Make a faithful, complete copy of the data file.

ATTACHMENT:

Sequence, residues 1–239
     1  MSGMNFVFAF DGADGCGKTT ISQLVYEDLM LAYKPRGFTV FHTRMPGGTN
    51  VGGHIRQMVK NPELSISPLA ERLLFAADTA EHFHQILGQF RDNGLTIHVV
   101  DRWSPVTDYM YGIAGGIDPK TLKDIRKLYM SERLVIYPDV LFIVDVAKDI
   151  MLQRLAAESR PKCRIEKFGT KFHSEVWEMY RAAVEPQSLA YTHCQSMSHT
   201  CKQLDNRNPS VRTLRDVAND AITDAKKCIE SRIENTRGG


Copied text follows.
Sequence, residues 1–239
     1  MSGMNFVFAF DGADGCGKTT ISQLVYEDLM LAYKPRGFTV FHTRMPGGTN
    51  VGGHIRQMVK NPELSISPLA ERLLFAADTA EHFHQILGQF RDNGLTIHVV
   101  DRWSPVTDYM YGIAGGIDPK TLKDIRKLYM SERLVIYPDV LFIVDVAKDI
   151  MLQRLAAESR PKCRIEKFGT KFHSEVWEMY RAAVEPQSLA YTHCQSMSHT
   201  CKQLDNRNPS VRTLRDVAND AITDAKKCIE SRIENTRGG